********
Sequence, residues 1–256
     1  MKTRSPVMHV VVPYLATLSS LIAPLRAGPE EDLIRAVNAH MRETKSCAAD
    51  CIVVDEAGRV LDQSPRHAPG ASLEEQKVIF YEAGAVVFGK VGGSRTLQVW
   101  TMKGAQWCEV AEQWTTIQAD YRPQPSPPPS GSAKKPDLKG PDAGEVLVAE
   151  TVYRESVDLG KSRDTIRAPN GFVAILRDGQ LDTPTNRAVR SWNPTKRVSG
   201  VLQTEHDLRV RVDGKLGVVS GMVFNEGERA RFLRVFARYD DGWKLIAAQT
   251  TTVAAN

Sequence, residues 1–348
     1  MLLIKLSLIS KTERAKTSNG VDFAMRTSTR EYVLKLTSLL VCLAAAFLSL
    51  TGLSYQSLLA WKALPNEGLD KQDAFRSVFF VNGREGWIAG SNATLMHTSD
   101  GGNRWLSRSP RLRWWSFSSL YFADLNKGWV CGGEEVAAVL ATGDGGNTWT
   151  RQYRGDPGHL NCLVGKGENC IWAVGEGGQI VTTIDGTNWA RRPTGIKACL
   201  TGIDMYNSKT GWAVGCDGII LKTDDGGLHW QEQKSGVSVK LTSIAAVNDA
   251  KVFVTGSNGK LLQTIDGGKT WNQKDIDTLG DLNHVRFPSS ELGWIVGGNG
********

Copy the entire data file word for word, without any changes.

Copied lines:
Sequence, residues 1–256
     1  MKTRSPVMHV VVPYLATLSS LIAPLRAGPE EDLIRAVNAH MRETKSCAAD
    51  CIVVDEAGRV LDQSPRHAPG ASLEEQKVIF YEAGAVVFGK VGGSRTLQVW
   101  TMKGAQWCEV AEQWTTIQAD YRPQPSPPPS GSAKKPDLKG PDAGEVLVAE
   151  TVYRESVDLG KSRDTIRAPN GFVAILRDGQ LDTPTNRAVR SWNPTKRVSG
   201  VLQTEHDLRV RVDGKLGVVS GMVFNEGERA RFLRVFARYD DGWKLIAAQT
   251  TTVAAN

Sequence, residues 1–348
     1  MLLIKLSLIS KTERAKTSNG VDFAMRTSTR EYVLKLTSLL VCLAAAFLSL
    51  TGLSYQSLLA WKALPNEGLD KQDAFRSVFF VNGREGWIAG SNATLMHTSD
   101  GGNRWLSRSP RLRWWSFSSL YFADLNKGWV CGGEEVAAVL ATGDGGNTWT
   151  RQYRGDPGHL NCLVGKGENC IWAVGEGGQI VTTIDGTNWA RRPTGIKACL
   201  TGIDMYNSKT GWAVGCDGII LKTDDGGLHW QEQKSGVSVK LTSIAAVNDA
   251  KVFVTGSNGK LLQTIDGGKT WNQKDIDTLG DLNHVRFPSS ELGWIVGGNG